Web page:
Domain registration companies are required to make a Whois page publicly available so that anyone can lookup details about a domain. So, how do you check? Well, it’s simple and it’s FREE – Visit: www.whois.com
Enter your Domain Name ( MyCompany.com ) in the box and hit Search …
The result will list the domain name as Unavailable (correctly) then just hit the highlighted Whois box pictured above. The next page will then display the official registration records we mentioned above.
Privacy Protected Domains
Some domain names may show as Privacy Protected and will appear listed as such. This is commonly done for the confidentiality of the owner ie: to avoid Spam or marketing calls. There is nothing wrong with choosing this option on a personal website or private blog. If you are a company though you should be aware of two things when it comes to “hidden” records such as this. 1) From a consumer perspective, would you buy or trust an anonymous seller? And 2) This is a known negative ranking factor of Google – who basically wants you stand front & centre of your business.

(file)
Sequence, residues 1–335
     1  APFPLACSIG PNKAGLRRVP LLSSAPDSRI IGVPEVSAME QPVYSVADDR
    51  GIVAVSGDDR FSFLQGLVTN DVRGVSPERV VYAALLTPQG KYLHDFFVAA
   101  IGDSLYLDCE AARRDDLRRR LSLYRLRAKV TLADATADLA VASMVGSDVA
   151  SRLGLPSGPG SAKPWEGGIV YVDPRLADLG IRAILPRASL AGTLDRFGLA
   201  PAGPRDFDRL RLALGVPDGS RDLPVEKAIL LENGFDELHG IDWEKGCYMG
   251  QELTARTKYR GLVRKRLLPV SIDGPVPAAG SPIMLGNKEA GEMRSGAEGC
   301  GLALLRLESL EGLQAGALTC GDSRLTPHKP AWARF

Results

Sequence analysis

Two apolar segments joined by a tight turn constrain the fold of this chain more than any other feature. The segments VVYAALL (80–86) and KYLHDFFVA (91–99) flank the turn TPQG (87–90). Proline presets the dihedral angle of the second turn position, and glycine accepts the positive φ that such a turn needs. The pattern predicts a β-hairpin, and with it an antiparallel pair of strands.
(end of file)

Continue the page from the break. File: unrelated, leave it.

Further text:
If Privacy Protected is the case, you will need to contact the publicly displayed Registrar (that’s the company that handles the official records for the domain) to confirm. Yes it takes a little longer to find out but is still doable.
The key record you’re looking to confirm here is the one that says Registrant – and if that ain’t you, Houston, you have a problem …
Why is the Listed Owner not Me ?
One of our regular services is the investigation, troubleshooting and correcting of website issues for clients. Quite often however, we discover the person contacting us, does NOT actually own the website in question. Sorry, but we can only work on something you own.